Creating a feedback culture within your organisation can have a vastly positive impact on your employees and overall output. But why is feedback so important? And how can you bring that culture into your business? Here, we’ll answer those questions.
Why is feedback culture so important?
There are plenty of reasons, but we’ve boiled it down to four. The right amount of constructive feedback within your organisation can make you work faster, develop your workforce, improve the quality of output, and even reduce friction. Here’s how:
1. It increases speed and efficiency
An effective feedback culture helps you and your teams work more quickly. An organisation in which people can offer and receive feedback more readily will move and deliver things faster. It’s simple but, all else being equal, the fastest company always wins.
2. It aids development and growth
Growth and development is important to all of us - even CEOs – and feedback is vital for people to improve both professionally and personally.
Feedback provides an opportunity for your team to become more self aware. Just because a member of a team is consistently committing the same mistake doesn’t mean they’re necessarily aware of it. Feedback allows their colleagues and superiors to provide them with an awareness of where they could improve.
All this feeds into retention. Progression and growth is key to retaining employees at your organisation and attracting new ones, and if people feel as though they’re learning and developing, they’re more likely to stay where they are.
3. It improves quality of output
If people don’t feel comfortable telling their colleagues when something isn’t good enough, then your output won’t get any better. But if you build an environment where people are comfortable offering constructive feedback and to be critiqued themselves, then their work will improve. A feedback culture not only allows people to grow, it also makes the work they’re doing even better.
4. It reduces friction
Feedback can help dissolve workplace tension. If people are comfortable with constructive criticism, they can also air their frustrations openly to one another in an appropriate forum, rather than venting their annoyances underhandedly or behind each other’s backs. Your team being open and transparent with how they’re feeling can help temper office politics or unhealthy rivalries.
So, how do I make it happen?
This is the tricky part. It’s all well and good talking up the benefits of feedback, but how do you bring it into your organisation. Well, it’s about having the right tools and frameworks in place to make sure it’s the right fit for your business. Below, we’ll talk about the framework we use at CharlieHR - and why it works.
How to give feedback constructively
You have two choices as a business: you either focus on giving feedback, or you put the onus on asking for feedback. Every business is different, but at CharlieHR, we chose to concentrate on asking for feedback.
When you’ve made your choice, you then need a framework in place that ensures you’re being the most constructive in how you give or receive feedback. Saying “I think that’s rubbish” isn’t constructive because it’s emotional, somewhat subjective and wholly unhelpful to the individual receiving it. At Charlie, we use SBI (Subjective Behaviour Impact) as a framework to make sure feedback is delivered in a considered and helpful way. Here’s how it works:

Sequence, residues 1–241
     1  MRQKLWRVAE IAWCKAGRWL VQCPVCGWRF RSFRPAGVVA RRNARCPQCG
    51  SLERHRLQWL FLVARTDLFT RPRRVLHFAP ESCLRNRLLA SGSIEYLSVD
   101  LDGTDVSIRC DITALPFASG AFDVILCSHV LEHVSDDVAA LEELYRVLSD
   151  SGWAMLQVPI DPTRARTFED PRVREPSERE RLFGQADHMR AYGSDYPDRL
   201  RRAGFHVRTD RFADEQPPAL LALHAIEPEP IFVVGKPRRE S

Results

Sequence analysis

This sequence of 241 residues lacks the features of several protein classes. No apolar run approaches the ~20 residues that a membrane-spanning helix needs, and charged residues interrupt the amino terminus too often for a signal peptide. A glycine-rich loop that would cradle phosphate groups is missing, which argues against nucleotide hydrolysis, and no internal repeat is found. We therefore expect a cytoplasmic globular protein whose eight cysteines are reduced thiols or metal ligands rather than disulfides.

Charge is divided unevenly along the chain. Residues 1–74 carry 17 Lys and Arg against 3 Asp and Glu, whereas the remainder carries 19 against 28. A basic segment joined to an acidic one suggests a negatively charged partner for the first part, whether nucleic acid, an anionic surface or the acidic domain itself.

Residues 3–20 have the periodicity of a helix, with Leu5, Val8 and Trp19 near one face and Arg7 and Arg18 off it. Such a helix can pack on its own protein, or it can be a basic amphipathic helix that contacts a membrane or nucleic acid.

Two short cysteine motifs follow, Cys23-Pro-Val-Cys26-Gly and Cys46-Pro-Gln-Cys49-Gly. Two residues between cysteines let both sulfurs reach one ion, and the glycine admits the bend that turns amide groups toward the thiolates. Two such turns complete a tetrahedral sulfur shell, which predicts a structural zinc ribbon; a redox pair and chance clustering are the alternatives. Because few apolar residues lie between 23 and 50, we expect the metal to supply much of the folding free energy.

What is SBI?
SBI outlines an straightforward structure you can use to give feedback in three stages.
Situation: First of all, you want to define the when and where of the situation you’re referring to, which puts the specific piece of feedback into context for others involved. For example:
Hey John, do you remember that meeting we had last week?
Behaviour: The next step is to describe the specific behaviours you’d like to address. Remember, we’re working with a framework that requires asking for feedback here. This is challenging, but it pushes you to ask for feedback while being self-reflective. To build on top of the earlier example:
Hey John, do you remember that meeting we had last week? I think I demonstrated the behaviour of dominating the conversation too much.
Impact: The final step is to ask the person the impact that your actions had. You can guide the feedback with a question if you think it would be more helpful. For example:
Hey John, do you remember that meeting we had last week? I think I demonstrated the behaviour of dominating the conversation too much, which may have had an impact of making you withdraw from it. Is that true
What are the benefits of SBI feedback?
There are lots of them, but here are a few things to take from the example above:
- The utility of feedback is higher: You’re asking for specifics, which means the feedback is very focused, giving you something to act upon.
- It removes emotion: Instead, the conversation becomes more about the impact of your behaviour, not about one person vs the other.
- It’s more comfortable: The person providing the feedback will feel more at ease because you’ve given them a framework to work from and asked them specifically what impact your actions had.
A feedback culture is invaluable for maintaining your employees’ satisfaction and improving your overall output as an organisation. Hopefully, you now know how to bring it into your business and how helpful it can be if implemented correctly.